A: We’re not wealthy, but we’re not complaining. We are lucky to have saved a lot of money over the years…but to compare my situation in life with Oberweis of Oberweis Dairy, that’s an exaggeration.

Q: You didn’t benefit from being in Washington all these years?

A: No, everything’s disclosed … Paul Simon, he said the minute I came on his staff in 1969, ‘We’re going to make a full income disclosure. Every employee on my staff.’ I’ve done it every year. Some years it’s painful, you know? When I first got out of law school it was all student loans. I was technically bankrupt. It was all student loans … people say, just how did you do that? I can point to it year by year.”

Q: Your wife is a lobbyist?

A: She is. …She’s coming to an end. But officially, it’s for this calendar year, it runs out … went to the Senate ethics committee. We said we’re not going to do any federal lobbying, to minimize and avoid conflicts..we were careful as we went through this. There were occasional overlaps. She represented the American Lung Association. Well, as I mentioned earlier, one of their big issues is tobacco. So many of the things she set out to do I was supporting. But that was the case before she was a lobbyist. In terms of ever choosing her clients. In terms of ever trying to influence her clients, never happened. We’re very careful.

Q: You think it’s a benefit to her to have, you know, her husband’s one of the most powerful men in the country?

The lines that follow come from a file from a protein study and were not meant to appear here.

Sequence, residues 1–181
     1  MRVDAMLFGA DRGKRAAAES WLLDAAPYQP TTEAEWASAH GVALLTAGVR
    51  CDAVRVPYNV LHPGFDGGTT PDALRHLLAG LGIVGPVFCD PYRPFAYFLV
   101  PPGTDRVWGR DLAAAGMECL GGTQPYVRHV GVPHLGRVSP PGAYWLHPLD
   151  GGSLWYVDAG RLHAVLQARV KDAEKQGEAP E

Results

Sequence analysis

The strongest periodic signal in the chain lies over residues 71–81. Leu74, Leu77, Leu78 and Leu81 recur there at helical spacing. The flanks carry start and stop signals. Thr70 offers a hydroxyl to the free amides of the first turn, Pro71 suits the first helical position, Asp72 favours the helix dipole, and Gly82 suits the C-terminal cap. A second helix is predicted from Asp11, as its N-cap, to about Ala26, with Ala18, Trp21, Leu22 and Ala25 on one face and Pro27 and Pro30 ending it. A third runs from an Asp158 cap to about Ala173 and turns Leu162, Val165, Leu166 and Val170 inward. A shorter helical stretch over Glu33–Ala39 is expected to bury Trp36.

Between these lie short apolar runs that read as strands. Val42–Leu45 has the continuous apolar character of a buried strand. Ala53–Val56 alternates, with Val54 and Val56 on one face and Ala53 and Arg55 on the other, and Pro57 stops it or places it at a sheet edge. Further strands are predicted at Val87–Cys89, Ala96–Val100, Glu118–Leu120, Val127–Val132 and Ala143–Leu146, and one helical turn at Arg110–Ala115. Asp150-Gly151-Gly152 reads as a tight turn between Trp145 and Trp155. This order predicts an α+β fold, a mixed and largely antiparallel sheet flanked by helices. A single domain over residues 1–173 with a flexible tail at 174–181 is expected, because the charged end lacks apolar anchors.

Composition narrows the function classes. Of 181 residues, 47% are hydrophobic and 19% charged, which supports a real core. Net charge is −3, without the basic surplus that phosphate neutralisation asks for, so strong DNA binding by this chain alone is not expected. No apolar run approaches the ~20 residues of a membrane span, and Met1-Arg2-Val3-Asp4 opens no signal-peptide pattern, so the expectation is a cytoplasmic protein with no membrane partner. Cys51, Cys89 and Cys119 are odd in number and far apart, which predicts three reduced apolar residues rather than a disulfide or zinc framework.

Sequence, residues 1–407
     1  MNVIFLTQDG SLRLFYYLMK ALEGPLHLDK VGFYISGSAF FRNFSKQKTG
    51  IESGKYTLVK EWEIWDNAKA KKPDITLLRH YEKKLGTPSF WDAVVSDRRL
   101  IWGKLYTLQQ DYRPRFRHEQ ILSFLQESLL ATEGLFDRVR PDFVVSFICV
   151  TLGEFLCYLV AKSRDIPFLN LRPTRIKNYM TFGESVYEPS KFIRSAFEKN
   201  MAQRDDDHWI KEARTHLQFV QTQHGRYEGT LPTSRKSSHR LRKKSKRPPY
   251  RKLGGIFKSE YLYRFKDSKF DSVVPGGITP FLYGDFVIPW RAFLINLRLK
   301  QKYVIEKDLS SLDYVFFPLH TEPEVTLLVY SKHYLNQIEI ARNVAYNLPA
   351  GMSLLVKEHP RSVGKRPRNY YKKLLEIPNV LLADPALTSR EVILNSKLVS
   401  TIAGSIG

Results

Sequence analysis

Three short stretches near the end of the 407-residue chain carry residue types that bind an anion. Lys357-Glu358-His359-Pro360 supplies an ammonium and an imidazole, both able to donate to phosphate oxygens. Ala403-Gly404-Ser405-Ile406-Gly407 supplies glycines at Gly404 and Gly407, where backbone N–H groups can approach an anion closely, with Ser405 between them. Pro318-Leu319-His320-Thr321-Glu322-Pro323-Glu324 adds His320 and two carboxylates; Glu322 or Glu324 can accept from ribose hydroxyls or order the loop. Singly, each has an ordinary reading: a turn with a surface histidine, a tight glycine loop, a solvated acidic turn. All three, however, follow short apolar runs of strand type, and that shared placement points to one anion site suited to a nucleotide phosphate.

A: Well, I don’t know about all of that. Perhaps, it opened a door. But there have been several legitimate investigations by journalists into my wife and what she’s done. They’ve come back and said: “We can’t find anything.”

Q: Are you committed if you are re-elected staying for the full six years?

A: I am committed to it. I don’t see any alternative to consider. But I’ve got to win first.

Q: I saw another interview this week where you wake up every morning and you think …

A: Eric Cantor. Open my eyes and say Eric Cantor and jump out of bed. … you never should take any elections for granted.

Q: Do you think he should raise the wage of his employees?

A: I’ve said to him, incidentally, we make disclosures of the salaries of all the people in our office. And I hope that he will make similar disclosure of those who work for Oberweis Dairy. … When you take a close look at Oberweis Securities, you really need a flashlight to find any women at the highest levels of management in his company.

Q: You’re calling on him…

A: Full disclosure. Men and women in the highest levels. Let’s take the top 10 employees at each place. How many men, how many women? Let’s say, how many men and women work at each of these entities and what’s the comparable pay?

I can tell you the answer: Six out of 10 top employees in my office are women and when it comes to my staff more women than men and when it comes to the money, the women make more money than men.

Q: Would you tell him directly, you should raise theminimum wage in his stores?

A: Absolutely. I believe that people who get up and go to work are willing to make that sacrifice … ought to have some respect.

Q. What do you say about African American ministers who have supported Oberweis, saying that Democrats take their vote for granted.

A: I can tell you that I don’t believe that any party is entitled to any vote, you earn it.

Q. Do you think there’s any way Michelle Obama would run for U.S. Senate?

A: No. There’s always speculation, after Hillary Clinton ran. Of course they would ask the question. I don’t see it.